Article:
• November 28, 2021

If the Virus Slows This Summer, It May Be Time to Worry

The past few days have brought alarming news about the state of the pandemic in the US. Hospitalizations from Covid-19 reached new highs in Alabama, Arkansas, California, Florida, Nevada, North Carolina, Oklahoma, South Carolina, Tennessee, and Texas, while case totals have been on the rise in recent weeks for more than half the country. But summer starts this weekend, and there’s still good reason to believe that this infection might be seasonal. If that’s the case, then hot and humid weather could attenuate the spread of the disease. Case counts would fall off. Any “second wave” would be delayed.

That’s a good thing, right?

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Just a few months ago, we talked of “seasonality” with fingers crossed, as if it were the Covid-19 drama’s version of a deus ex machina. Reuters hinted back in February, when the pandemic’s scope was only just becoming clear, that higher temperatures might “contain the virus.” NPR proposed that maybe—just maybe—summer heat would “crush” the outbreak before it spread too far. Donald Trump, of course, had little interest in the cautious part of any case for cautious optimism: “When it gets a little warmer,” he told supporters at a rally in New Hampshire on February 10, the new coronavirus “miraculously goes away.”

That piece of presidential ballyhoo was met with ample scorn and consternation at the time, but the experts’ gripe was mostly that he’d overstated things. Even many scientists agreed, in principle, that seasonality for Covid-19—if it really did apply—would tend to be a good thing in the short term. “I’m happy to hope that it goes down as the weather warms up,” said senior CDC official Nancy Messonnier two days later, “but I think it’s premature to assume that.” Leaving aside the promise of a miracle, it did seem that any spring or summer slowdown could only help to mitigate the damage, overall. At the very least, it might flatten out the curve (remember that?) and help preserve the health care infrastructure.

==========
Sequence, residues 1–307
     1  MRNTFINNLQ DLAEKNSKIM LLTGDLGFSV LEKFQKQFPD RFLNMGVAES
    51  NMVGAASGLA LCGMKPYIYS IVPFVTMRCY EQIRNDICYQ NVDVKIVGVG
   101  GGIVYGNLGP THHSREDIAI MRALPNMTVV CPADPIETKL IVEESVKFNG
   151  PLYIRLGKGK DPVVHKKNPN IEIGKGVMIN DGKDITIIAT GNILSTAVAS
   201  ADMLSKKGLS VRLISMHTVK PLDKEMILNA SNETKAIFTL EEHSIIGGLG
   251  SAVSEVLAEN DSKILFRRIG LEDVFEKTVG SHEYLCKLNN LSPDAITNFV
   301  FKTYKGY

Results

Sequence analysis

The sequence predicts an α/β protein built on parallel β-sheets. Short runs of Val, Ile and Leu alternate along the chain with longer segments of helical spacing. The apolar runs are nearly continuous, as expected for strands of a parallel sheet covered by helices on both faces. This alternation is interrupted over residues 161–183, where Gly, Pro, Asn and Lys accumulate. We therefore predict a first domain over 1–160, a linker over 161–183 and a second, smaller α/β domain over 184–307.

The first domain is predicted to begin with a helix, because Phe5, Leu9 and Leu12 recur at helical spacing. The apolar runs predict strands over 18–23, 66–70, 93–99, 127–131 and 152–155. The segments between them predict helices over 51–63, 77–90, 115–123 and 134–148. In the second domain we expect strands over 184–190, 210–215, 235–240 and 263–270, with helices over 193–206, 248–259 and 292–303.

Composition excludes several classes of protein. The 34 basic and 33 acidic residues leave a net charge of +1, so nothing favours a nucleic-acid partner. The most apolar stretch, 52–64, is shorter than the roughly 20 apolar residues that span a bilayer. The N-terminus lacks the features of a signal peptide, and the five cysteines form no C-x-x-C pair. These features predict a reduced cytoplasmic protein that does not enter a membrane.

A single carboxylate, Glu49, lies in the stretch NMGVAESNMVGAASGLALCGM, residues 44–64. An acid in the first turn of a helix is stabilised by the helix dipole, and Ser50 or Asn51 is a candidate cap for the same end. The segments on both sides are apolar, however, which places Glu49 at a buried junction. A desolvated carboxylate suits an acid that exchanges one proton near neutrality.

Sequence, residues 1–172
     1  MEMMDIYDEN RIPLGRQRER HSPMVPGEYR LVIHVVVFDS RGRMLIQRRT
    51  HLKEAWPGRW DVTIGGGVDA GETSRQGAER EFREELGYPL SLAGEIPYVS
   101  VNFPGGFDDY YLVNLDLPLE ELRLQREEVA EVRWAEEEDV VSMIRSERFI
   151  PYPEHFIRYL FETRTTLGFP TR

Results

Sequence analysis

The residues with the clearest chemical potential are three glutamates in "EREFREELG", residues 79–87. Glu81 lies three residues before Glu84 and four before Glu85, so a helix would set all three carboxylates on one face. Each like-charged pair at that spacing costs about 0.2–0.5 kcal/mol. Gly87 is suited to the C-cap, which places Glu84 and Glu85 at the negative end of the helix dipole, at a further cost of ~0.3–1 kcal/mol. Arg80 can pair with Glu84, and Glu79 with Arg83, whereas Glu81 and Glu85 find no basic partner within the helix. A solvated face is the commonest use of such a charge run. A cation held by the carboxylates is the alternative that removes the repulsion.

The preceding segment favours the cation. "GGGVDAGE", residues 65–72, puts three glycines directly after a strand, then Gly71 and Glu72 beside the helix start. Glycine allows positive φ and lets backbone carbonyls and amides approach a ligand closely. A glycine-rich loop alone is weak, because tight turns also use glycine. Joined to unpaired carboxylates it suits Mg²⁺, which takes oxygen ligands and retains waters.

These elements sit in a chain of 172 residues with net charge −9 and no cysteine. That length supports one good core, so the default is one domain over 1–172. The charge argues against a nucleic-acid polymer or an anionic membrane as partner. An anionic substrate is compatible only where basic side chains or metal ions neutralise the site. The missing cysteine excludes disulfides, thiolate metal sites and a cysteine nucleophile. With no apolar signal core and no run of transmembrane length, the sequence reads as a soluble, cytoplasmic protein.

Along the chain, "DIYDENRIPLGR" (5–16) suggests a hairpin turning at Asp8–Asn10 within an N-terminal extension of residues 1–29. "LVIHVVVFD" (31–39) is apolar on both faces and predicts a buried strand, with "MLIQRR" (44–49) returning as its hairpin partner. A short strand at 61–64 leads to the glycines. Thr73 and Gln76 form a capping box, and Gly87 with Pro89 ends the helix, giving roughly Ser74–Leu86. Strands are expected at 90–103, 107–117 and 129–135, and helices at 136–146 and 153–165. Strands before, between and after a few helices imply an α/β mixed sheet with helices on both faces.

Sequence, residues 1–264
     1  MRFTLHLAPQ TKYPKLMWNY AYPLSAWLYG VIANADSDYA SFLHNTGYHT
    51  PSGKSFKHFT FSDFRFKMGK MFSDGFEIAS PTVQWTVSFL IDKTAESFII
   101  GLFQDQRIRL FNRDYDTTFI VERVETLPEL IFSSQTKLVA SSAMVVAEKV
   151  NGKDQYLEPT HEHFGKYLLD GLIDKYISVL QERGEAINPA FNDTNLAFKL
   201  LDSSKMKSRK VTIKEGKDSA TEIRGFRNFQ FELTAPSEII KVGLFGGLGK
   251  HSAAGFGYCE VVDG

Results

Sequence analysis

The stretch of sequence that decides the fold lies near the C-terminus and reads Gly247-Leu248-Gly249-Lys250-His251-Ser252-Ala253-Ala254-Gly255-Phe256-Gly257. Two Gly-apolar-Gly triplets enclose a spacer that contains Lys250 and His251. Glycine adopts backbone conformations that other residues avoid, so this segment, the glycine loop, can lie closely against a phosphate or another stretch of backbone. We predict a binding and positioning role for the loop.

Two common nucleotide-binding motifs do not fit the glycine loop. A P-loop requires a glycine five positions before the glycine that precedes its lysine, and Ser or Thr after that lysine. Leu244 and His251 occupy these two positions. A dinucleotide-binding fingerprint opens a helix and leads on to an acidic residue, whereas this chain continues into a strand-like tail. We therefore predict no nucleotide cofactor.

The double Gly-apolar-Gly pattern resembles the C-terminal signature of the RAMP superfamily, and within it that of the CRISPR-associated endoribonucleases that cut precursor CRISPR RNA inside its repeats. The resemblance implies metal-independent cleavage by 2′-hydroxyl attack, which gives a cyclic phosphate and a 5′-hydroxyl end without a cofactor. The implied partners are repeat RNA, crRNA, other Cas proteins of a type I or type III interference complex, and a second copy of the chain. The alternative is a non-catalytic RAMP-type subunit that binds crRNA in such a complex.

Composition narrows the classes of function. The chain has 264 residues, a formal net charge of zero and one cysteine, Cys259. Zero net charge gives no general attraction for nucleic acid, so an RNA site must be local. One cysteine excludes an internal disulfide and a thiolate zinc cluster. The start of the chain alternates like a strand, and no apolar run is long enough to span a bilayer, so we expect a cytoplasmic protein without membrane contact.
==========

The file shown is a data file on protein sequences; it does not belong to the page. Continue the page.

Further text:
But now that we’re on the cusp of summer, and that hoped-for seasonality could be ready to kick in, its implications no longer seem so rosy. In the longer view—looking ahead to fall and winter, too, and then to 2021—this pattern of infectivity could make the virus even more destructive than we thought. If sunlight and humidity do indeed slow its spread, they won’t knock it out completely in the next few months, and that means we should expect a rebound down the line. What’s more, epidemiologists suggest this down-and-up won’t cancel out and be a wash: In fact, the exponential bounceback in the winter would likely overshadow any slight deceleration that happened in June, July, and August. That would be very, very bad.

 

Read all of our coronavirus coverage here.

 

To be clear, whether the new coronavirus is really seasonal remains unknown. We still haven’t gone through a full year of this pandemic, so it’s impossible to compare how infection rates have waxed and waned in a single location. Even the beneficial effects of humidity are somewhat uncertain; as Maryn McKenna pointed out in WIRED last month, many studies of this question have used laboratory observations, and their findings may not apply in the real world. And to complicate matters further, high heat and humidity may drive people to spend more time indoors, where coronavirus seems to transmit more easily in the air. The science here is still, in many ways, a hot mess.

There are inklings, though, from studies of the past and present, to suggest that weather will indeed modulate the spread of the pandemic. For a paper that came out in April, researchers looked at eight years of data from households in Michigan and found that common respiratory coronaviruses were “sharply seasonal.” Also in April, epidemiologist Marc Lipsitch of Harvard’s T. H. Chan School of Public Health and his collaborators published a study in the journal Science that examined historical data from two of those old coronaviruses. They concluded that the R0 for these diseases—which is to say, how many new cases each infected person generates in the population—hit a peak in winter that was about 30 percent above its lowest point in summer.

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